But there’s a problem. This agenda-driven mentality is too Western. It only works in those Western cultures that prize time above all else — such as the U.S., Switzerland, Germany, and a handful of other European countries. But deploy this strategy in South America, and your partners will think you don’t care about getting to know them. Try it in most of Asia, and you’ll be labelled impatient and opportunistic, and they’ll think you don’t want to build a real business relationship. Most cultures around the world do not value time like Americans do. In fact, the most important business cultural preference for them: Relationships. That means taking time to build a relationship, and letting the meeting run long. Long meetings are prized because it’s a sign that everyone is getting to know each other. Short meetings send a different signal: “I don’t value this relationship very highly.”

The most important thing to keep in mind: Be aware of the business culture you are working with. Make sure that the management style you apply is going to be the right style for that culture, and for your team.

How Leadership Differs Around The World

British linguist Richard D. Lewis has explored in depth how leadership style differs across cultures and countries. His diagrams of Leadership Styles, published in When Cultures Collide, offer wonderful insight into why so many multinational efforts run into problems. Anyone doing business across borders needs to understand these differences and adapt their own style accordingly.

Different Culture, Different Leadership

Leadership Styles
Leadership Styles

The variation of styles — from structured individualism of America, to consensus rule of Asia — fit  preconceptions about foreign culture. Even so, it’s important to understand the meaning behind each model, and also be aware of individual variation. The models are not unilaterally true across a country. Every individual will have their own blended style of leadership.

See Lewis’ Leadership Styles diagrams, inset, but also be aware that stereotyping is risky, as Lewis himself warns: “Determining national characteristics is treading a minefield of inaccurate assessment and surprising exception. There is, however, such a thing as a national norm.”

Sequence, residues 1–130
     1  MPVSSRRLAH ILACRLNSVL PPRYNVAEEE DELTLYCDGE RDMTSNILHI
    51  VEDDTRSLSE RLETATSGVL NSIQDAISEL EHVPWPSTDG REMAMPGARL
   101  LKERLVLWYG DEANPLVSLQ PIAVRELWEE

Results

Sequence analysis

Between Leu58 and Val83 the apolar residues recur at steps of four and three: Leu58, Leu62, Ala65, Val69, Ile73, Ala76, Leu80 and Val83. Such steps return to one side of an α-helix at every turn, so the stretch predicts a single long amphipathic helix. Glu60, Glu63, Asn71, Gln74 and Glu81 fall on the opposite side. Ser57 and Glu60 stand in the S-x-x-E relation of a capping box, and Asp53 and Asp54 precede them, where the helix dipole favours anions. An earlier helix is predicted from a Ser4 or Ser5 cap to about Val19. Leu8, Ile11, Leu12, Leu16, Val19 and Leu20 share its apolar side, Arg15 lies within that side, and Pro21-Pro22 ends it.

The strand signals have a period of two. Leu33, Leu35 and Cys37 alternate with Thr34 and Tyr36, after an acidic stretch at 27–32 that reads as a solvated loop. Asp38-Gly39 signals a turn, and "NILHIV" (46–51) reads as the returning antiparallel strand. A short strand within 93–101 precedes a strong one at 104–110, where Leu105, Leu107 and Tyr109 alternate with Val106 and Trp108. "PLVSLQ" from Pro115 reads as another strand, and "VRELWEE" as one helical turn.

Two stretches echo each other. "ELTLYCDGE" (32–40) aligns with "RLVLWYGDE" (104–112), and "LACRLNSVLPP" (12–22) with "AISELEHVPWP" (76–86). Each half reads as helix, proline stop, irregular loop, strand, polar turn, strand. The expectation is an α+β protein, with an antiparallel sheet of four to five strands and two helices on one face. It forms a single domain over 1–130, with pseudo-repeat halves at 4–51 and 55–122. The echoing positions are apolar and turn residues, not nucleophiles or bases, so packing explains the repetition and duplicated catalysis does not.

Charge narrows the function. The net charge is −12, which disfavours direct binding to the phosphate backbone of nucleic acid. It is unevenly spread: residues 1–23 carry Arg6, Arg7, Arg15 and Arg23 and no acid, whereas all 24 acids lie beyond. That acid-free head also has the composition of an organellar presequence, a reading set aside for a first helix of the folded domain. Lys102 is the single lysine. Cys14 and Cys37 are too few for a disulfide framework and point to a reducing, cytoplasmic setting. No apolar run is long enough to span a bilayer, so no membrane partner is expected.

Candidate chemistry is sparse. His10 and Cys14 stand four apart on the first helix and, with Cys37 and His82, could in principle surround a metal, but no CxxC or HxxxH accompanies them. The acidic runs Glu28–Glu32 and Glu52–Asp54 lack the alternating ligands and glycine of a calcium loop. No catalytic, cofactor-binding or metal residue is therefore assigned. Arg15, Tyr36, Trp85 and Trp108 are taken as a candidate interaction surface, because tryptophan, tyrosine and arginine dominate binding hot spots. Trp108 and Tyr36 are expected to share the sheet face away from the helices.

Lewis also argues that these cultural characteristics won’t change anytime soon. He writes, “Deeply rooted attitudes and beliefs will resist a sudden transformation of values when pressured by reformists, governments or multinational conglomerates.” While the “Westernization” of many Eastern countries gets a lot of press, most of these changes are superficial. Cultural preferences are deeply rooted. We learn about our culture from birth. Especially in countries with thousands-years-old history and culture, changes are slow to emerge. Stated more directly: Individuals may jump at the chance to adopt foreign practices, such as capital investment, but this doesn’t mean they are also adopting Western culture.

Management gurus have time and again tried to quantify and distill the secret of successful management into an easily followed formula. Peter Drucker, James Champy, Frederick Taylor, Henri Foyal, Frederick Brooks, and Mike Hammer have all put down their thoughts on the topic. But each has placed a Western emphasis on their particular management magic (and, except for Foyal, a very American emphasis).

As I’ve pointed out many times, cultural conflict is common across multinational organizations. Learning how to avoid the conflict — misunderstandings, misinterpretation, and direct cultural incompatibility — is the first step.

Multinational Leadership Success

There is no single management tool that can work in the global landscape. The cultural intricacies that define how people interact, both in a business setting and a social setting, run far too deep. And, just as management styles depend on environment, so do our relationship-building tools. Creating a successful International business relationship depends so strongly on cross-cultural awareness, in fact, that without extensive exposure to foreign culture most efforts are rife with failure.

Check out this short six-part series that talks about how business cultural preferences affect 27 project management disciplines.